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What makes the language work is what handicaps the film
Nozz20 June 2015
Although most of the lines in the play are missing, I didn't have much trouble following the plot and characters. There are a lot of characters, but thankfully most of the actors' faces can't be confused with one another. I would have liked to have more dialog retained from the developing confrontation between Clotus and Guiderius, because it seems to become violent for insufficient reason. Overall, though, I think that the dialog works well because it isn't recited in a stentorian style. Everyone is rather quiet, even when making terrible threats, and I think the quietness is what saves the language from incongruity in the modern setting. On the other hand, after a while there seems to be a bit too much quiet, a lack of excitement. If the excitement won't come from the drama of Shakespeare's language, where can it come from? The movie refrains from digressing into manic action sequences, nude scenes, stunt- heavy car chases, or dance numbers, and that's fine, but it doesn't grip us with the characterizations either and so I'm afraid it remains a neatly accomplished intellectual exercise.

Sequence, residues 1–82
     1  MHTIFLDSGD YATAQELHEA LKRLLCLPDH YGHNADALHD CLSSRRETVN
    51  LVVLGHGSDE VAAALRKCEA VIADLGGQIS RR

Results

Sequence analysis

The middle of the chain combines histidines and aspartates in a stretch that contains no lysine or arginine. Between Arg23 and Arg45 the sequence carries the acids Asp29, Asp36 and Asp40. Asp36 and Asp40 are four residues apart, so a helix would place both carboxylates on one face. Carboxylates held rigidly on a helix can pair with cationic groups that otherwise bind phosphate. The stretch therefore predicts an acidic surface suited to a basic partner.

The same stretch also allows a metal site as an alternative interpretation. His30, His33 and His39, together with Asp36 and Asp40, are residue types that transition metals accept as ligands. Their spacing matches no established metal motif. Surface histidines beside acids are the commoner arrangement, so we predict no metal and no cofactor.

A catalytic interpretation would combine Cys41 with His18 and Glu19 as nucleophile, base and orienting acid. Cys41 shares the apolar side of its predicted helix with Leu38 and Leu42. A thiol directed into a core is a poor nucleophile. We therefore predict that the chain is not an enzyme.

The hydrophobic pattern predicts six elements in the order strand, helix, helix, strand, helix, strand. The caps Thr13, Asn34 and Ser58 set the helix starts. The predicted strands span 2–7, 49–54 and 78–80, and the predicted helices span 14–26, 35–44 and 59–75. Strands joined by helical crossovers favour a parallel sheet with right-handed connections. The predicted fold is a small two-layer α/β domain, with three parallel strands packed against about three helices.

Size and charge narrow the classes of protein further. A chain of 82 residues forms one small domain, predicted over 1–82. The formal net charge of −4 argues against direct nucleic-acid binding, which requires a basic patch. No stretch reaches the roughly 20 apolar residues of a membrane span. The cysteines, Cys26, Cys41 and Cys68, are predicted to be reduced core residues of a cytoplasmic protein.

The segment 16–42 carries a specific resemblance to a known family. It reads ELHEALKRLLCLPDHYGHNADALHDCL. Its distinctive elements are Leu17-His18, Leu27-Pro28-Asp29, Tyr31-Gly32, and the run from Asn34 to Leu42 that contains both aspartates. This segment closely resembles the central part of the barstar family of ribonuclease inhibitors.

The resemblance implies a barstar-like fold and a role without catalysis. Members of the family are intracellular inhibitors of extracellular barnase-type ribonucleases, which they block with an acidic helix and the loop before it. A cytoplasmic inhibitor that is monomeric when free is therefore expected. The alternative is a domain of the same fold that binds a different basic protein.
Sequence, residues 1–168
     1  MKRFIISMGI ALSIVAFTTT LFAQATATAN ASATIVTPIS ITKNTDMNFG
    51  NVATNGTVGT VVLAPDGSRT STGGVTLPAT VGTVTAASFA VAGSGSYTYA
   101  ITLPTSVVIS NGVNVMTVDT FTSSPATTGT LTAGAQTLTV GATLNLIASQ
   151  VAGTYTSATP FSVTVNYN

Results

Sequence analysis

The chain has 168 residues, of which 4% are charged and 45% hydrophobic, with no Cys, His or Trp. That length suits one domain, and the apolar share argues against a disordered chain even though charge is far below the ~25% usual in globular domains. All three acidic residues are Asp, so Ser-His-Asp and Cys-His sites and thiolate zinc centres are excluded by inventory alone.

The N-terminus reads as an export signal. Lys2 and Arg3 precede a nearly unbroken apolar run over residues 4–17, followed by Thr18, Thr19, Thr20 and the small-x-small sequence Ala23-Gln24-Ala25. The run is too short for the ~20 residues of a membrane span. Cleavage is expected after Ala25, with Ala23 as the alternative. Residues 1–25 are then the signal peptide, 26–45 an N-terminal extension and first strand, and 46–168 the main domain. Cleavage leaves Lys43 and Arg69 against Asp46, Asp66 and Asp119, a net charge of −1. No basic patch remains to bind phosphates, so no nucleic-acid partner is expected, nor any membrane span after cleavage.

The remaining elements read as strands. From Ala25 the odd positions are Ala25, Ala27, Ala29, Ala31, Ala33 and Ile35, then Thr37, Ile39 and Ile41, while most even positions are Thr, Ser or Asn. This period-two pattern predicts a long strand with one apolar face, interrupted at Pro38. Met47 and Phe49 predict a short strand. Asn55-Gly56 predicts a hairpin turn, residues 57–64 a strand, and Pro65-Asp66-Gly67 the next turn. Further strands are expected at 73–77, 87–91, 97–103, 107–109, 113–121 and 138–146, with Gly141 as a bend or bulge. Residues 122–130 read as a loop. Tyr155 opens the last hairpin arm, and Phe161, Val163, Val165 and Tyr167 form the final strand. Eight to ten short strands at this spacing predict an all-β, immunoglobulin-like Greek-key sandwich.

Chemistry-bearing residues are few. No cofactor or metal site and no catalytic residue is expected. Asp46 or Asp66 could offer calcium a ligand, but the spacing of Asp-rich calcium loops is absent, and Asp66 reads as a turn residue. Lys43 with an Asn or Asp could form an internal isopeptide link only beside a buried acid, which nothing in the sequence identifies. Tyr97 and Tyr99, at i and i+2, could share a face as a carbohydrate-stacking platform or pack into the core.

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A tragedy in one Sit-through (a short and sexy review)
FreedomWatchTower16 February 2019
As you are reading this review you probably already have read the sinopsis or just watched it and dont really know how to feel about this film, rest assured that im with you on this.

This film is a tragedy for me (pun intended), as for the simple reason of having an obviously Great cast and even pretty dope cinematography, some scenes even look more than good (they look great) and the idea of putting Shakespeare ibto modern times isnt anything new but can even make some sense. The problem with it all is that the dialogue seems to have been kept as they where written way back (some hundreds of years ago), and there in lies its biggest flaw. Thw aftermath of the dialogue makes it feel unnatural and forced, most of the times even awkward, because besides not fitting the scenary even the normally known great actors like Ed Harris, Ethan Hawke, Delroy Lindo etc, seem to struggle with it.

All in short: Great cast, mostly greatly shot scenes but laughable unfitting dialogue that destroys all of the film.

Ps there is one scene that is just laughably bad and awkward where its not because of the language but the just unfitting tone and catastrophic voice work, its a scene where the normally talented Mila Jovovich sings on a stage with a montage if violence followibg it... Had to laugh